And it’s a transformative one. Fan favorite “VGI,” which Hanna announced from the stage as being about “not being taken seriously about anything because you have a Valley Girl accent,” now has the cadence of a Patti Smith rocker, with the yips and yelps and Lenny Kaye-esque male accompaniment on vocals to make those “V-G-I”s sound like they’re about to roll into a cataclysmic “G-L-O-R-I-A!” Despite its drum machines, I don’t know that I could have really danced to that many of the original recordings as they appeared on Julie Ruin, but indeed, if this weren’t an outdoor venue, people would be bouncing off the walls! It’s not exactly an original sound, but it’s certainly original for Hanna, combining nostalgia-friendly Pixies drive and the occasional Sonic Youth guitar hiss with Phil Spector beats, little New Wave key flourishes (and not in a Le Tigre way, but something far sunnier), and what may have even been a wah-wah pedal in guitarist Sara Landeau’s board of tricks.

The new originals are good too, and sound just as confessional as Julie Ruin, seemingly about love and relationships and arguments and commitment and the lack thereof, all the song topics that Le Tigre specifically disavowed in their manifesto and which Bikini Kill was more prone to snarl at than to get sappy with. But hey, besides the rampant success Hanna has made for herself in the rock world since the 90s, she’s also been in a successful relationship for 17 years, which would be a triumph of hard work and determination even if she wasn’t a celebrity (and her husband is the Beastie Boys’ Ad-Rock, no less!). I want to hear what she has to say about such things, not because I think she’s “earned” the right to sing about love after years of singing about the patriarchy, but because maybe I can learn a thing or two from her experience! Let’s all agree: maybe now that Kim Gordon and Thurston Moore broke up, we can let Hanna and Horowitz become the new couple-of-stability for fractured and rootless 90s orphans like myself to project our mommy and daddy issues onto?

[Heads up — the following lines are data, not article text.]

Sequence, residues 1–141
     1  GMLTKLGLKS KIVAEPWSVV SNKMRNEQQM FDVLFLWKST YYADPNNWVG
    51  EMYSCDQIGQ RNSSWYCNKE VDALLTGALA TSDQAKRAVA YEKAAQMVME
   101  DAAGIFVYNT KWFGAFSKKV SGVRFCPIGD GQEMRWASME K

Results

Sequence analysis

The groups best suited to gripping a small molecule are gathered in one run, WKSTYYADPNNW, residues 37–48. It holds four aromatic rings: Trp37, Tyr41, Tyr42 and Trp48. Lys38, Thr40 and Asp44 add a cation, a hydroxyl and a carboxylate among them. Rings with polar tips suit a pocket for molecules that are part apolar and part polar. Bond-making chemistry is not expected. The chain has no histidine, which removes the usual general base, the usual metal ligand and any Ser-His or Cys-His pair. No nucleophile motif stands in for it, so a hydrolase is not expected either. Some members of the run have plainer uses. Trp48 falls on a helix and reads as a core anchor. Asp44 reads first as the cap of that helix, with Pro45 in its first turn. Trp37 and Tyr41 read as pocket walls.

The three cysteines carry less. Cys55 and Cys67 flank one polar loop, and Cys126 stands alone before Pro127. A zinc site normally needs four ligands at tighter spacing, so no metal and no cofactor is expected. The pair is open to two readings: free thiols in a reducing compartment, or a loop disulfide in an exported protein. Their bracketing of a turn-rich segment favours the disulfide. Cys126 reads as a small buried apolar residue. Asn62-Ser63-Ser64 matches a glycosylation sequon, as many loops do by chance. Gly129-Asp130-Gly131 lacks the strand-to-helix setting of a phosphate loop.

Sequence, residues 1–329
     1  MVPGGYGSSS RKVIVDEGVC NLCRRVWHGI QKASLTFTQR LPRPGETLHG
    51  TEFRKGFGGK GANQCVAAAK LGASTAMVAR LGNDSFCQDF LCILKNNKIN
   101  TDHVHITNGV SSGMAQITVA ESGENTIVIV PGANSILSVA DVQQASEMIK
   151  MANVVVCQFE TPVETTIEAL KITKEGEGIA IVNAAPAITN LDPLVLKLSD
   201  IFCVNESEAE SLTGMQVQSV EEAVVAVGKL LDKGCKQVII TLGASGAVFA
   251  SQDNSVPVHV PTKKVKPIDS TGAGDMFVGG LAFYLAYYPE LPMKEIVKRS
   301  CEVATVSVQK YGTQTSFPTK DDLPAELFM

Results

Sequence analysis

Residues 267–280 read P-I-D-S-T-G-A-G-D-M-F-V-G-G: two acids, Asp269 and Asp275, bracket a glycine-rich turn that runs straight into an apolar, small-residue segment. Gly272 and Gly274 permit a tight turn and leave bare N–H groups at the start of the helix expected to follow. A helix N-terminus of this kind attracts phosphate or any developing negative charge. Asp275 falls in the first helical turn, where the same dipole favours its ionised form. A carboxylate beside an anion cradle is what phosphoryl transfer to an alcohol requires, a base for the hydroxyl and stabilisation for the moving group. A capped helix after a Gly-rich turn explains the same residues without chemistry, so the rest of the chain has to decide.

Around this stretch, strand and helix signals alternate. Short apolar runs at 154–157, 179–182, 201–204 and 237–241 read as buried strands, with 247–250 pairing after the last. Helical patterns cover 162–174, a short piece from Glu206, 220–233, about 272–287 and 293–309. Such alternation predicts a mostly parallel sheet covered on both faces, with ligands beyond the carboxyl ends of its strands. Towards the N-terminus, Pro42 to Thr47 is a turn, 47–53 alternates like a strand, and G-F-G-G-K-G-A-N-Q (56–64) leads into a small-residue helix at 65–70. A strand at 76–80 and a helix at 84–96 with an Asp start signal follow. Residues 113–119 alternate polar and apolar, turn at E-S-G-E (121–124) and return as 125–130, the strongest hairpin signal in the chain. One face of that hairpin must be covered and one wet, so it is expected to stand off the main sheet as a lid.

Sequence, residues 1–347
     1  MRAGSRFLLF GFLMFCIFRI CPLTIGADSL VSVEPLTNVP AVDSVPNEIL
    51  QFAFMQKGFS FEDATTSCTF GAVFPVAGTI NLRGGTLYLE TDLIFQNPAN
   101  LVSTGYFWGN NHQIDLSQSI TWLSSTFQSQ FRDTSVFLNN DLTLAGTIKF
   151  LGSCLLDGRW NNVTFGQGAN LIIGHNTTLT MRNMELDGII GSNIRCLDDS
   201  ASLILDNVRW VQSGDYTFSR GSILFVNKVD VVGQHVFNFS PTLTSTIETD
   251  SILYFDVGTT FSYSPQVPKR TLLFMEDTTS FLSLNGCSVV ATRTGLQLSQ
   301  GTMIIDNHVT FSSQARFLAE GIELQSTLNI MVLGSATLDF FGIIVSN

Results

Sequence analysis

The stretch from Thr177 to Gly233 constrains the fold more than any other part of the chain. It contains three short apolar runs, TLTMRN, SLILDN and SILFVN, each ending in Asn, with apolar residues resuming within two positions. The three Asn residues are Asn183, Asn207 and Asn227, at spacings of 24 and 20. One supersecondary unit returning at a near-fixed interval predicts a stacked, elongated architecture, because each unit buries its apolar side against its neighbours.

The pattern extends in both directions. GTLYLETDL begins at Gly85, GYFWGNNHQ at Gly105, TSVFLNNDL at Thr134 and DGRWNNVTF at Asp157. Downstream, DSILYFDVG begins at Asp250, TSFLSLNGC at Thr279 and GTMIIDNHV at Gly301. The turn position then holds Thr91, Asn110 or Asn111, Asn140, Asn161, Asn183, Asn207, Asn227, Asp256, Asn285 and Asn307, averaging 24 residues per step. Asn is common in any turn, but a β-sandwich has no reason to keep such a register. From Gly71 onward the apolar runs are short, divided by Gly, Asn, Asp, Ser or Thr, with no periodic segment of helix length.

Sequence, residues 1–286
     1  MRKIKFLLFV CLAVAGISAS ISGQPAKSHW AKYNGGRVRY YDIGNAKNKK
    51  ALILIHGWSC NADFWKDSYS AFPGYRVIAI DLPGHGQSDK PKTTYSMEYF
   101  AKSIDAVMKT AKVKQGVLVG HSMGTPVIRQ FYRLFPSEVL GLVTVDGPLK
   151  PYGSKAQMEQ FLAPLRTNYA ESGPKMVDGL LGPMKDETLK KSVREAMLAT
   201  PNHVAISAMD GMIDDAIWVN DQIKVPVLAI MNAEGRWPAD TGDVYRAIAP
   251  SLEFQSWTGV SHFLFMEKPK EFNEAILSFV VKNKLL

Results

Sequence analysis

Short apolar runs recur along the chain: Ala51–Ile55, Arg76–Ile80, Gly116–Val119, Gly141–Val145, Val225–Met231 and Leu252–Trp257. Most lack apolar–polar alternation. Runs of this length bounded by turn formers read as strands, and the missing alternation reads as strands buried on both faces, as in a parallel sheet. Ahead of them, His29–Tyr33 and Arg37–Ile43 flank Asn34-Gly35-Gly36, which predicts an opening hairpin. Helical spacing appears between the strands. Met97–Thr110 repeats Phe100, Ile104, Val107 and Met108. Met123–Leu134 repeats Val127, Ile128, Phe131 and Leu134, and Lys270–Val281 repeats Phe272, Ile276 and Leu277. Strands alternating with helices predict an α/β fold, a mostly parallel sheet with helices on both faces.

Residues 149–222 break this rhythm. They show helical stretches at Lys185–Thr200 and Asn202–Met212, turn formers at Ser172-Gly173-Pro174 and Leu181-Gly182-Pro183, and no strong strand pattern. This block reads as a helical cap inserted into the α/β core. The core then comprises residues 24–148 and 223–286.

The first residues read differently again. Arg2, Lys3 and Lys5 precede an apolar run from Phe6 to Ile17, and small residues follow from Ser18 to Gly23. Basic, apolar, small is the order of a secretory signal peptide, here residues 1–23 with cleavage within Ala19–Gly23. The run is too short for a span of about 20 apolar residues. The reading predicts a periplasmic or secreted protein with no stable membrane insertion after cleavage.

But actually there’s a more immediate relationship that interests me, which I hinted at up there talking about Lenny Kaye: it’s that Hanna has a new musical partner. He’s singing many of the vocals along with her and even taking the mike for one of his own songs. And yes, “his” is the right pronoun: it’s a dude, Kenny Mellman, a tall, long-haired, gruff-voiced guy who looks like he could be straight out of the Butthole Surfers.

Hanna has sung with plenty of men, and Men, in bands before, but I’ve never heard her do so live. And it’s an interesting combination, especially considering how gravelly and loud, almost atonal, Kenny Mellman’s voice is here (apparently that’s a deliberate choice—Mellman has a long history of singing and playing piano in a Tony-nominated drag cabaret duo thing, but put that out of your mind for the purposes of this visualization and just think “middle-aged long-haired gruff dude”). He even sings an original song that I think he wrote, which he introduces as being about “euthanasia,” or “youth in Asia,” or “rosacea,” some such topical and brash thing. The combination of Mellman and Hanna singing together in tandem, or doing call and response with each other, makes me think quite a bit of X, or the Centimeters, or the Jefferson Airplane, or one of the many great bands in which male and female vocals take center stage, blending in a style of leadership that kind of heals the need, albeit temporarily, to address gender inequality, like the snakes crisscrossing each other on that damned pole of Asclepius.